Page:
What does this mean? Well, it may mean that it will take a while to undo it. You will need to nurture your injured feet; you will need to take action and create conditions that put your body in the best possible state to heal. And you’ll need to practice patience accordingly. That’s what I’ll help you with in these pages, and what I cover in greater detail in the book Injury Afoot: 30 Things You Can Do To Relieve Heel Pain And Speed Healing of Plantar Fasciitis.

But take heart. Most of a plantar fasciitis recovery journey involves establishing a healthy routine which involves some easy stretching and strengthening motions, wearing ideal footwear, and avoiding the actions that hurt you in the first place. It may take a few weeks or a few months…or not. Your recovery may be almost instantaneous, nobody knows. And you won’t know until you embrace a sensible recovery routine. So have confidence,  believe in your body’s power to heal, and start your comeback today.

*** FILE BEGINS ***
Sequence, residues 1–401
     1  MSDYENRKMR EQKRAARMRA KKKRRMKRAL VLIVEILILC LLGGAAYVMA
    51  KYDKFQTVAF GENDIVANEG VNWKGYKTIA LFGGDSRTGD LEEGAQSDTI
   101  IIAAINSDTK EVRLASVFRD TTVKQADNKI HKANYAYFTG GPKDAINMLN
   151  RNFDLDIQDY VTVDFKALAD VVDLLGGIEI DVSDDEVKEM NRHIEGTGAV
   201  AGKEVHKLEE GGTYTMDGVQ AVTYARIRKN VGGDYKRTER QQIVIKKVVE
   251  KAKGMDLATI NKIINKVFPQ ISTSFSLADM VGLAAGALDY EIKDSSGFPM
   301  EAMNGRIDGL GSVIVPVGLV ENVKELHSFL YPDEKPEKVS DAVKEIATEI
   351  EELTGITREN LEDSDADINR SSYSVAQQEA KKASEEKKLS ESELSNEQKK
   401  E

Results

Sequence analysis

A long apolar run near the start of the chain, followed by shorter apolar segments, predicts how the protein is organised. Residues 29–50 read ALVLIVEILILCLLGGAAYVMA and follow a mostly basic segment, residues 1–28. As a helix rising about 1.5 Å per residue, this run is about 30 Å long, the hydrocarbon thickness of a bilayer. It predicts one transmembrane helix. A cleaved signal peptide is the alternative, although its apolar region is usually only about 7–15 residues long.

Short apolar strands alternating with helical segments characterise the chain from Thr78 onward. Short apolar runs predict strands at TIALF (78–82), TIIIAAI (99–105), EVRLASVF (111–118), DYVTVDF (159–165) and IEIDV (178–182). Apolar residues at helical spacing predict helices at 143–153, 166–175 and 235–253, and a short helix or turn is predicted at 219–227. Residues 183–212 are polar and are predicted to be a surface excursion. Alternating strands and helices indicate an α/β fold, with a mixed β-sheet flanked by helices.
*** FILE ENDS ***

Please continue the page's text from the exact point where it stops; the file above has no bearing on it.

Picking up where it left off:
The plantar fascia: durable but not flexible

Sunday, September 28th, 2008

Your foot’s plantar fascia, the dense, durable band of connective tissue which runs from your heel to the base of your toes, has maintained its integrity for years and years of your lifetime. The average person takes 5,000 to 12,000 steps daily. Many of these steps are on hard, unforgiving surfaces, and each step puts a force on the feet that is about one and a half times that person’s body weight. When running, your feet withstand more than three times this force. From childhood to adulthood, the plantar fascia has endured all this, held its own, and helped you stand, walk, and run.

Yet despite its rugged nature, the plantar fascia has a marked weakness. It lacks flexibility. The plantar fascia is made of collagen, and collagen is not very elastic. So even though the plantar fascia is pretty tough, when it is subjected to impact, stresses, and strains, it does not stretch to any great extent and then bounce back. Instead, the force it weathers from this repetitive trauma causes tiny tears to form along its surface. These micro-tears will eventually heal, if allowed to do so. But if the abuse continues without rest or remedy, your feet have no chance to recover from the existing tears. With unrelenting trauma, bad things can happen. The micro-tears can increase. The collagen of which the plantar fascia is composed degenerates. Inflammation of the plantar fascia follows and remains. The inflammation then causes soreness, and in some cases debilitating pain.

Plan-ter-fash-ee-WHAT?? Plantar Fasciitis explained

Thursday, September 25th, 2008